A policy of First Use might be prudent in the case of conventional weapons but this does not hold true for nuclear weapons. A first strike must ensure neutralising of all the nuclear capabilities of the adversary as a potential retaliatory strike has the capability of causing irreversible and unprecedented devastation due to the nature of the nuclear bomb. Hence, a policy of first strike is only effective when a country can ensure that its adversary lacks secure second-strike capabilities once the strike has been carried out.
Although by employing NFU the initiative to act rests with the adversary, the calculation of a first strike cannot be limited to just the first strike damage. Due to the modernisation of nuclear arsenals and development of secure second-strike capabilities, the inevitable retaliation leading from a first strike must be taken into account. Therefore, even an elaborate offensive strategy cannot assure victory or help escape the extent of the damage.
First use of nuclear weapons is mostly advocated in cases where the adversary’s preparation for a nuclear strike is known. It is argued that in such a scenario, it is in the benefit of nations to use the nuclear weapons rather than potentially losing them to a neutralising strike. Although possibilities of a first strike can be known, this information does not guarantee the certainty of a nuclear strike. In modern times, states use nuclear weapons not as an end but as a means for achieving their ends through coercive diplomacy and nuclear brinkmanship. In such a scenario, even stationing of nuclear weapons in an aggressive position can not be taken as certainty of a nuclear strike. Hence, if a state indulges in a preventive strike, it will be regarded as an act of aggression leading to potentially devastating retaliatory strikes as well as widespread condemnation.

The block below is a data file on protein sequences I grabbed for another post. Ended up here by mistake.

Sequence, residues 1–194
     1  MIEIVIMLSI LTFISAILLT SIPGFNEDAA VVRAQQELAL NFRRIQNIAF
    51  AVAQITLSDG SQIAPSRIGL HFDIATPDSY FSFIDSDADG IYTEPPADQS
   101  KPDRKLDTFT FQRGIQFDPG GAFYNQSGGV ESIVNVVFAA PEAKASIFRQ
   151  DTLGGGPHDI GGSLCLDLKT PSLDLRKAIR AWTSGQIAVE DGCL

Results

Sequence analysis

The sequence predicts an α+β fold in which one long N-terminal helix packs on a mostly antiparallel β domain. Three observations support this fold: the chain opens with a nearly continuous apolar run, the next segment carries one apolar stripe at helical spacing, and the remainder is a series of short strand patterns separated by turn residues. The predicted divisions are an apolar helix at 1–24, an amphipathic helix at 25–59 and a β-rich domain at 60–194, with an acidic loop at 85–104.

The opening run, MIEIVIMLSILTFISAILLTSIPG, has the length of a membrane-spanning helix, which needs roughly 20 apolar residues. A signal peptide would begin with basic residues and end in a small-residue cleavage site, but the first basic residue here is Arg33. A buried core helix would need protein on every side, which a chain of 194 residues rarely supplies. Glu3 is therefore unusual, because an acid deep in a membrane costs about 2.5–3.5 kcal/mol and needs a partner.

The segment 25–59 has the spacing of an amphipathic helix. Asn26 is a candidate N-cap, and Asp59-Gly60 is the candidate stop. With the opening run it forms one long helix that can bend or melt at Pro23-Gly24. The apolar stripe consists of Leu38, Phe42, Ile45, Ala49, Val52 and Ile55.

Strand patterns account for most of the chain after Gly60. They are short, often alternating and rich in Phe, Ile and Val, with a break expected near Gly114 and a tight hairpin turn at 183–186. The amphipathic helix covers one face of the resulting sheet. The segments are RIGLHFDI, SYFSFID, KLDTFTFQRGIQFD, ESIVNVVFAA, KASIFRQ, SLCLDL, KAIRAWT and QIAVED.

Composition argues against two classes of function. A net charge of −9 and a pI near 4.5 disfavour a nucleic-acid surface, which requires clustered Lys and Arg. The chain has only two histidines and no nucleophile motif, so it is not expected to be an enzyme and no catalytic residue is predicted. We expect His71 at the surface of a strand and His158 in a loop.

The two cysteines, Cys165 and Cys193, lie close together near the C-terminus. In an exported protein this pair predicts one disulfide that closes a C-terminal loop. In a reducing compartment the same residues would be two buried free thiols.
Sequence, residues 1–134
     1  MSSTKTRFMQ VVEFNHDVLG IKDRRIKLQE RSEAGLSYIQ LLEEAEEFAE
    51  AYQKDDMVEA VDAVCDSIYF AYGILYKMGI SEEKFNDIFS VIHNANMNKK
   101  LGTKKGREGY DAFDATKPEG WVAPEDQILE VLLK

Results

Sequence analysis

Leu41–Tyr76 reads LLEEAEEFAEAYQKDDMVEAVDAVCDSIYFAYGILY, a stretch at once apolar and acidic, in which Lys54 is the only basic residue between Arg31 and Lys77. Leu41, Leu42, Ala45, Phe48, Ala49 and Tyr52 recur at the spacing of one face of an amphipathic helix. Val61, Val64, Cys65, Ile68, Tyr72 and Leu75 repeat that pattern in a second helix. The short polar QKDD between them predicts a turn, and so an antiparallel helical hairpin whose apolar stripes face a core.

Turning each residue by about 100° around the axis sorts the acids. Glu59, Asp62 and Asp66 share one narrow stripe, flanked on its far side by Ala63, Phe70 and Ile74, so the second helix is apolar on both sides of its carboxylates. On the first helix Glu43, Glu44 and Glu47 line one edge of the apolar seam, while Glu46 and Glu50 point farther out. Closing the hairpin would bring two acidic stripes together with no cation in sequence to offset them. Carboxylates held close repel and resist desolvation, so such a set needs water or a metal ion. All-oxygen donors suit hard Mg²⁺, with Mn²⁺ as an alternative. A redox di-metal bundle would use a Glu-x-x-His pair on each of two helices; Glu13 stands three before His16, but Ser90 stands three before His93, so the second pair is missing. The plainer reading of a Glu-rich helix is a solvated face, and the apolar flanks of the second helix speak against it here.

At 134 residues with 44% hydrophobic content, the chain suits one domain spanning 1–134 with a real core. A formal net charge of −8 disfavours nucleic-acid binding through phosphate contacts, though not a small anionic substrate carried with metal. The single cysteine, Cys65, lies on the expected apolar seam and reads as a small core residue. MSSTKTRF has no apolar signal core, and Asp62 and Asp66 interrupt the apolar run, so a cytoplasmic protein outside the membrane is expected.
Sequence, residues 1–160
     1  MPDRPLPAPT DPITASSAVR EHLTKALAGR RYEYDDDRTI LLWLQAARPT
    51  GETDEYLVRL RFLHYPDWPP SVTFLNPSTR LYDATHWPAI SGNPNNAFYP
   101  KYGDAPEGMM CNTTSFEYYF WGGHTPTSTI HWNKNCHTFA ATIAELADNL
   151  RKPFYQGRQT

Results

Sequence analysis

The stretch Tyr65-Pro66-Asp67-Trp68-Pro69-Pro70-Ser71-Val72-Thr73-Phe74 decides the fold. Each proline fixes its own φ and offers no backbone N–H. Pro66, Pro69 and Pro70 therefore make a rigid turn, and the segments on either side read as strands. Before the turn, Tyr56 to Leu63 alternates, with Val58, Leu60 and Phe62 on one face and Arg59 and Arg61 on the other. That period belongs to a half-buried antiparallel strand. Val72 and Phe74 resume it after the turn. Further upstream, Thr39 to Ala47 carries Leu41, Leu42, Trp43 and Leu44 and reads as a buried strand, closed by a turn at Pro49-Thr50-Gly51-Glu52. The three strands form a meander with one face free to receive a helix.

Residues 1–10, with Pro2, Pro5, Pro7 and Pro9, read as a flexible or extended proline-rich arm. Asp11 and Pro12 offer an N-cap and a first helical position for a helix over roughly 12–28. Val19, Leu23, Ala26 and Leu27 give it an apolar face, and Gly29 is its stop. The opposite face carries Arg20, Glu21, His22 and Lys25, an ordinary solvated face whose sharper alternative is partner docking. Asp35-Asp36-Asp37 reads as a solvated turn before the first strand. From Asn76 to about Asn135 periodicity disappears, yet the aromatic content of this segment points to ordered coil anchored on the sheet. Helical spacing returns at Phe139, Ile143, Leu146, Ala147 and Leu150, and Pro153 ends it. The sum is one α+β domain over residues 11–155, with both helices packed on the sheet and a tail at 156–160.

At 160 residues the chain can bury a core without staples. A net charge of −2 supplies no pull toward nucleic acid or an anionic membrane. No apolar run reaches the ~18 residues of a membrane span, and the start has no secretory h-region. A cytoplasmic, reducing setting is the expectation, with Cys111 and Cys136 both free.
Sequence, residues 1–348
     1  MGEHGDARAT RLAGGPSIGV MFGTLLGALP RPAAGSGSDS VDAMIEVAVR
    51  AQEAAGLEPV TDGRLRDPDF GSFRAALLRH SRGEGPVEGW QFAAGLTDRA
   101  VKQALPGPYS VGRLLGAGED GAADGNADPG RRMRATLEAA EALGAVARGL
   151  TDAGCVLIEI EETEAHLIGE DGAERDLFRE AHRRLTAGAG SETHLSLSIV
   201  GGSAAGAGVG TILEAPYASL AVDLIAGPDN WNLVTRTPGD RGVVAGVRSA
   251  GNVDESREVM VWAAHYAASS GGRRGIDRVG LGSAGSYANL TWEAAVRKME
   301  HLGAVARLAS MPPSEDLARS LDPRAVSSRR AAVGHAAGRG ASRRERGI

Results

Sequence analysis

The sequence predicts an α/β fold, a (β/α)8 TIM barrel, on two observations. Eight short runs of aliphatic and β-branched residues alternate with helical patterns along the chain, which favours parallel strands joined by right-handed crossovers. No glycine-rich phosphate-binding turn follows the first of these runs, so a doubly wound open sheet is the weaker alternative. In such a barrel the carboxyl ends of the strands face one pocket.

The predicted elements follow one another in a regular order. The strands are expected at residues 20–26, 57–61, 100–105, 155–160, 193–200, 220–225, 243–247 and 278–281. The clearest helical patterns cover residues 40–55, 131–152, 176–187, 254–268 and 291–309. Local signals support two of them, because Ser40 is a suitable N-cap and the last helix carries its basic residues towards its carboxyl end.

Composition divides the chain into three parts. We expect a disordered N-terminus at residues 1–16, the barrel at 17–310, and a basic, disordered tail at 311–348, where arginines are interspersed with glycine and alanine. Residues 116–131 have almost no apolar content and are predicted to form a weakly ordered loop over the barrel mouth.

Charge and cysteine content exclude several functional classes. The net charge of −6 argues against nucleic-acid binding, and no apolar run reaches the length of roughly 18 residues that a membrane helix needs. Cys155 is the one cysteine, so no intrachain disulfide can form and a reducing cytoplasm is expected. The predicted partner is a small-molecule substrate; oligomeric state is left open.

Why No First Use?
India has for long presented itself as a responsible nuclear power. In the aftermath of Pokhran-II, India faced widespread criticism and international sanctions on what was regarded as an act of unprovoked aggression. In order to escape this predicament, India found official adoption of NFU to be the most prudent way forward. NFU helped in representing India as a responsible nuclear power by relegating nuclear weapons to purely defensive purposes. A more important imperative for NFU is its strategic viability. A policy of First use advocates for forces to be on hair trigger alert leading to a potential arms race which in turn contributes to instability and crisis. A First use policy can also lead to threats of miscalculation, increasing the risk of an accidental launch. NFU, on the other hand, provides a relatively relaxed posture which inturn helps in avoiding a costly and potentially devastating arms race. An abandonment of NFU will likely have repercussions in India’s immediate neighbourhood. The policy of No first use has been central to Indian strategic thinking since the Nehruvian era. The policy against use of nuclear weapons can be traced back to the 1950s when Prime Minister Nehru called for a standstill agreement proposing a ban on nuclear testing. In 1965, India advocated for a strong non-discriminatory treaty imposing a ban on nuclear weapons. Hence, the strategic culture of nuclear minimalism and restraint manifested into the adoption of the No first use policy. A shift in this policy has the potential of further aggravating hostilities in India’s neighbourhood.